Norman Podhoretz wrote that "Joe Sobran's columns [...] [are] anti-Semitic in themselves, and not merely 'contextually'" and Buckley disagreed with Podhoretz's accusation, instead "deem[ing] Joe Sobran's six columns contextually anti-Semitic. By this I mean that if he had been talking, let us say, about the lobbying interests of the Arabs or of the Chinese, he would not have raised eyebrows as an anti-Arab or an anti-Chinese".[5]

One such comment was that The New York Times "really ought to change its name to Holocaust Update".[6] Sobran claimed that Buckley told him to "stop antagonizing the Zionist crowd" and Buckley accused him of libel and moral incapacitation.[7] Sobran also complained of "a more or less official national obsession with a tiny, faraway socialist ethnocracy", meaning Israel.[8] In his syndicated column for The Wanderer in August 1993, Sobran had defended Pat Buchanan against charges of antisemitism and concluded that comparisons of anti-Zionism to antisemitism is a non sequitur.[citation needed]

Sobran was named the Constitution Party's vice presidential nominee in 2000, but he withdrew in April 2000 because of scheduling conflicts with his journalistic commitments.[9]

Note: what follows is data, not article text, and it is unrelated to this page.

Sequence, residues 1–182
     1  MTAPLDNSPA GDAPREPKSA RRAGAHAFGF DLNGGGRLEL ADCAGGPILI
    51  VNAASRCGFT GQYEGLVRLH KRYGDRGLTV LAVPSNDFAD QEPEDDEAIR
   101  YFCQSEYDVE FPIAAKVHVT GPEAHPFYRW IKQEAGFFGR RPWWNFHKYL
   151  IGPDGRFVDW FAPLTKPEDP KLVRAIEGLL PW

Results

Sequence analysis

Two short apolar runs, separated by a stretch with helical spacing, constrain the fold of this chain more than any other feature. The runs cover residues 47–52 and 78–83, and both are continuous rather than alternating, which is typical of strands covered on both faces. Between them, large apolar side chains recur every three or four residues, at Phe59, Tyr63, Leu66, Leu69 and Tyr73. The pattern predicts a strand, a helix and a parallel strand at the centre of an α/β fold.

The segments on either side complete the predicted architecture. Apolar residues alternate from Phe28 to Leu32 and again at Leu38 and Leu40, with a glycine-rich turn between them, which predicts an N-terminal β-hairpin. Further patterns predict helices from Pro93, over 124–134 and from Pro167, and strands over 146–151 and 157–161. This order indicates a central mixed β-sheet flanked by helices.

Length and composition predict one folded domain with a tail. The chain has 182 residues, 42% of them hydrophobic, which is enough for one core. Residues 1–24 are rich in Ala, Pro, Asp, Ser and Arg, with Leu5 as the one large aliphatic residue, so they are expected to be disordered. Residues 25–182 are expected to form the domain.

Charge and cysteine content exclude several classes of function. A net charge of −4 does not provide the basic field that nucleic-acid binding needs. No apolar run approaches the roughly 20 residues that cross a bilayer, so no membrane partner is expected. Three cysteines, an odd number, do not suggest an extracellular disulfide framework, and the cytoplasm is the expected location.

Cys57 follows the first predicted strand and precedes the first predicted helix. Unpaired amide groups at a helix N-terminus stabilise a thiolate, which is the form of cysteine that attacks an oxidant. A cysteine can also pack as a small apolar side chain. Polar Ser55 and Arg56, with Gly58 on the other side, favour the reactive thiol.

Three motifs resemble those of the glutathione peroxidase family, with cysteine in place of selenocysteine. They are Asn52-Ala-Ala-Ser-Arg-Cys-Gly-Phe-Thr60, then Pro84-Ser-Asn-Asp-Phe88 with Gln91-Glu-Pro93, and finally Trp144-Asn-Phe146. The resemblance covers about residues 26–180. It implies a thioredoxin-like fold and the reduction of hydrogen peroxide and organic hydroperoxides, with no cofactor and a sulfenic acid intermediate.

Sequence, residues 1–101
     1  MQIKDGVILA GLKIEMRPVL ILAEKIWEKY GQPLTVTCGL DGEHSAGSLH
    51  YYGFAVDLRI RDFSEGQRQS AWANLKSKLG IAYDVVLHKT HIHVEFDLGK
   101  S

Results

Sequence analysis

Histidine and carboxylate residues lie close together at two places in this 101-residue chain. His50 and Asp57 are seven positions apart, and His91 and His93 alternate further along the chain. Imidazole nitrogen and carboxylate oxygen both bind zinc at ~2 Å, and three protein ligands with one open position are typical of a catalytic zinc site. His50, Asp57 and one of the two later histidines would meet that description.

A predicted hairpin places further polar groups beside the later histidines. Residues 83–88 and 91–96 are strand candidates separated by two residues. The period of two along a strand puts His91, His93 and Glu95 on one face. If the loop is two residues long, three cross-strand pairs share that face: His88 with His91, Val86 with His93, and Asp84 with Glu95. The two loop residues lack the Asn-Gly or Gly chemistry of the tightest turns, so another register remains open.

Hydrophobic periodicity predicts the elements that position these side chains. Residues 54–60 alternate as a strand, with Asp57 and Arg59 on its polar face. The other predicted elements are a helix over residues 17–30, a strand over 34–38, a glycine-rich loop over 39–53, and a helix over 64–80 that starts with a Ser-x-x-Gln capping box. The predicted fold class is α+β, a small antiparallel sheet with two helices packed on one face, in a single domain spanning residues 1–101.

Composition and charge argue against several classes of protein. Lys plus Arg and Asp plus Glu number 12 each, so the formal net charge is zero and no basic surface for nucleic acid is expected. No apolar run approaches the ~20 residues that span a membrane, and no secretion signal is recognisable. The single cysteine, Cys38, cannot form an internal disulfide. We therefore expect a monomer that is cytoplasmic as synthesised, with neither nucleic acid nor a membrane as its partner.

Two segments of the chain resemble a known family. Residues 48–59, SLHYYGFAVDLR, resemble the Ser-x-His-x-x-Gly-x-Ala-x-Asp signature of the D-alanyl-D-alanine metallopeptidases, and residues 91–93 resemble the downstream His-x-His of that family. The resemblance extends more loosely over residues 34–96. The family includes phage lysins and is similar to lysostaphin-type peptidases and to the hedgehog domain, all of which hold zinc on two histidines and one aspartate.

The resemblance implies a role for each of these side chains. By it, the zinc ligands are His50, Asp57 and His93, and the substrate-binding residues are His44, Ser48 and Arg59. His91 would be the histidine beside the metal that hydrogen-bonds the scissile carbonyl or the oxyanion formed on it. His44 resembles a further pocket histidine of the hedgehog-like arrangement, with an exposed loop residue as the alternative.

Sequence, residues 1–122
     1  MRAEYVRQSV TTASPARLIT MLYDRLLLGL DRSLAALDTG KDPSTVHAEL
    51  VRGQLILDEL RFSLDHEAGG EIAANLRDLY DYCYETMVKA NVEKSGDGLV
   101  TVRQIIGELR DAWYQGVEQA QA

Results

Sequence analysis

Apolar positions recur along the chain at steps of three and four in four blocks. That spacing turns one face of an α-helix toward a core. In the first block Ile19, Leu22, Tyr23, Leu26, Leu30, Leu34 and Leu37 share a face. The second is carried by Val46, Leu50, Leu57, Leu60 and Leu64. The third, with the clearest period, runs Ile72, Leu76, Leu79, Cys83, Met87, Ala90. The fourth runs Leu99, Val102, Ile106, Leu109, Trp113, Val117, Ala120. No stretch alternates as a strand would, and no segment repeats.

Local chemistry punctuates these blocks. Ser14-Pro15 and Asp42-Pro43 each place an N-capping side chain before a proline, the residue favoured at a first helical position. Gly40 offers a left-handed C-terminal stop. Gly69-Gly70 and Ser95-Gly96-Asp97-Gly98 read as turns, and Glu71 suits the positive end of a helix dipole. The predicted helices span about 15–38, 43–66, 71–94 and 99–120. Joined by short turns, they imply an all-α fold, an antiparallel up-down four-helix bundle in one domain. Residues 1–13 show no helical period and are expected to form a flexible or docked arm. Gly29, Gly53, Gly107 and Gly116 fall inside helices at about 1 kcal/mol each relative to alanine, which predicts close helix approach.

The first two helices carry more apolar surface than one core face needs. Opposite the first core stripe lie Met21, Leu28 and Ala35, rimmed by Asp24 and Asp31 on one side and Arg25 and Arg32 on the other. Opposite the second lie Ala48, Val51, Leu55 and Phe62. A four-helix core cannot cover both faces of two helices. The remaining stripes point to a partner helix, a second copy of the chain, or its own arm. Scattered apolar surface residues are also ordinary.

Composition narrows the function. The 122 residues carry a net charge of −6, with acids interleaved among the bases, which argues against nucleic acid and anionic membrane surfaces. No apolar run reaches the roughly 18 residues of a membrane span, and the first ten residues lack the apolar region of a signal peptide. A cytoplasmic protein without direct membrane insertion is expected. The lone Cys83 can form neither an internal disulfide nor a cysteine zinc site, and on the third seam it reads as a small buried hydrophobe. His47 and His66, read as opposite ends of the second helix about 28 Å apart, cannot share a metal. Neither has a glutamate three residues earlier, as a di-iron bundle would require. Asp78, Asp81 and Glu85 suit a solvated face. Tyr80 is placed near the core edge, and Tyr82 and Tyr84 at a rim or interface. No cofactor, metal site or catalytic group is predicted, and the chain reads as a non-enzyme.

In 2001 and 2003, Sobran spoke at conferences organized by David Irving and shared the podium with Paul Fromm, Charles D. Provan and Mark Weber, director of the Institute for Historical Review, a leading Holocaust-denying group. In 2002, he spoke at the Institute for Historical Review's annual conference.[10] In his speech which he also reprinted in his newsletter, Sobran addressed the subject of Holocaust denial:

I am not, heaven forbid, a "Holocaust denier." I lack the scholarly competence to be one. [...] Why on earth is it 'anti-Jewish' to conclude from the evidence that the standard numbers of Jews murdered are inaccurate, or that the Hitler regime, bad as it was in many ways, was not, in fact, intent on racial extermination? Surely these are controversial conclusions; but if so, let the controversy rage.[11]